Mexico City 1837
I was having dinner in the British Ambassador's residence in Mexico City earlier this week (as you do) and was very struck by this magnificent painting of Mexico City in 1837. Mexico City is now around 28 million people so to see what it looks like less than 200 years ago is rather thought provoking. At home I have a painting of my great great great grandmother, aged about 12, painted in the same year. I remember my grandmother telling me about how she met her when she was young which gives me a rather spooky direct connection to the time when both this picture and my great great great grandmother's portrait were painted.
The picture, entitled, accurately if rather unimaginatively, Mexico City 1837, was painted by an English artist Daniel Thomas Egerton. Mexico city can be seen on the left and beyond is Lake Texcoco, which surrounded the Aztec capital of Tenochtitlan. It has now been completely filled in. In the background is the Sierra Nevada mountain range and the snow-capped peak of the Popcatépetl volcano. It was unusually clear in Mexico City this week and you could actually see the mountains surrounding the city. Yesterday I flew over Popcatépetl on my way to Bogota.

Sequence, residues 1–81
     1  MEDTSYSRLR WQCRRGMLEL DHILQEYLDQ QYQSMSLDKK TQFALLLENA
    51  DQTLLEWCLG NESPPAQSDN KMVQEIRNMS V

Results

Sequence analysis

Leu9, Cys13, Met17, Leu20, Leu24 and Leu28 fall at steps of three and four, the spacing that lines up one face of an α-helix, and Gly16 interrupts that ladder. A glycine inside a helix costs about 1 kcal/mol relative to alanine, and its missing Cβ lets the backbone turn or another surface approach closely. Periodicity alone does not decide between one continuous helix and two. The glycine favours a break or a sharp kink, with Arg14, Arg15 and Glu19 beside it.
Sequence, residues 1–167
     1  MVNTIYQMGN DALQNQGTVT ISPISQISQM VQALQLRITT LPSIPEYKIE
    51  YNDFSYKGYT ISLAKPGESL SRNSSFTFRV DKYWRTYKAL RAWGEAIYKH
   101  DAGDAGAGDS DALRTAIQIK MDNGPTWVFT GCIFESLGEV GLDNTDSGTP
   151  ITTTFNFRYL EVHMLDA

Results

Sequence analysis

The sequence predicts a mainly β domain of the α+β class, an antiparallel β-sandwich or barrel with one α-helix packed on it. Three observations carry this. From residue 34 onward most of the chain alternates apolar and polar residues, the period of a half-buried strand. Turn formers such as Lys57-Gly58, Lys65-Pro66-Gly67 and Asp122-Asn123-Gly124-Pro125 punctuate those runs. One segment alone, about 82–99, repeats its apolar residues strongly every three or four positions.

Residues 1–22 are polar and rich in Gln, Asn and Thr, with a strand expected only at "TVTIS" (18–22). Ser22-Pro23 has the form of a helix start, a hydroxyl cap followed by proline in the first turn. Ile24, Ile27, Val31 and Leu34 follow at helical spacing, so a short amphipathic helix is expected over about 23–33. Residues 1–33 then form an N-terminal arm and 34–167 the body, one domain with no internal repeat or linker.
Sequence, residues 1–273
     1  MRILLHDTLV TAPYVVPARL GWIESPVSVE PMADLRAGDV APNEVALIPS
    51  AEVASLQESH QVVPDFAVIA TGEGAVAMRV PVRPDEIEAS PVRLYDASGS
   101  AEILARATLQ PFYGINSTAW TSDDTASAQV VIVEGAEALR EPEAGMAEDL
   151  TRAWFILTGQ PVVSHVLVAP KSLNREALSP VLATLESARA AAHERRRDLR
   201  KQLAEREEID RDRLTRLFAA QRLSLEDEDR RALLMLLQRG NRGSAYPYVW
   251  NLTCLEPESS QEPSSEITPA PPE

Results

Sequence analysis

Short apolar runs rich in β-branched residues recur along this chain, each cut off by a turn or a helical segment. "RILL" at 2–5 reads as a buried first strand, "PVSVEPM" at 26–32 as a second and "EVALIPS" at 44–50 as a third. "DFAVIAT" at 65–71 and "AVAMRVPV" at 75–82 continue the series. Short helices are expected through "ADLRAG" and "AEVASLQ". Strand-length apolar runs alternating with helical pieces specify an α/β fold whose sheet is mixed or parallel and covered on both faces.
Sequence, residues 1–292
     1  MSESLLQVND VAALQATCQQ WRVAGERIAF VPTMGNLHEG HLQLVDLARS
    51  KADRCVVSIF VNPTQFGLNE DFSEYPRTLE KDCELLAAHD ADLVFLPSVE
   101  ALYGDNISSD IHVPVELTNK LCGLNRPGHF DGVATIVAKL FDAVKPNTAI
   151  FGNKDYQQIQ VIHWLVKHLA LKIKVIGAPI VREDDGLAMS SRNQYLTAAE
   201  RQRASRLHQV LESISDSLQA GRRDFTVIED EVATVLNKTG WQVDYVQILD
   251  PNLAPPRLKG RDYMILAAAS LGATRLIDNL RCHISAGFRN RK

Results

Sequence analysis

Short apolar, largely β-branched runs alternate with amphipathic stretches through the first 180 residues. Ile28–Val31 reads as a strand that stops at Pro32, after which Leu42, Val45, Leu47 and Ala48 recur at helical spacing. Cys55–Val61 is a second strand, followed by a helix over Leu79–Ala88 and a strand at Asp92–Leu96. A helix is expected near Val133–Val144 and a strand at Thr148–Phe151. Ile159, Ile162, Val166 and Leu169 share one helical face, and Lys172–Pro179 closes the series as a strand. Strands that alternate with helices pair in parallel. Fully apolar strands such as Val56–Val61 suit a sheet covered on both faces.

Daniel Thomas Egerton, first exhibited in London in 1824. He arrived in Mexico some time before 1834 and traveled through Mexico and the United States later publishing a set of 12 lithographs of views of Mexico when he returned to London in 1840, where his wife had remained. He returned to Mexico in 1840 with a lady called Agnes Edwards with whom he lived, rather controversially. In April 1842, as the couple were walking their dog, they were attacked by bandits and murdered.
Although the painting, as a whole, is splendid Egerton was obviously more comfortable with landscape than figures but I liked these Mexican lancers in the foreground, very familiar for anyone who has watched The Alamo, and it has got me keen to paint some more of my Boothill Miniatures Mexicans when I get back. Hopefully. they will produce some of these lancers in due course.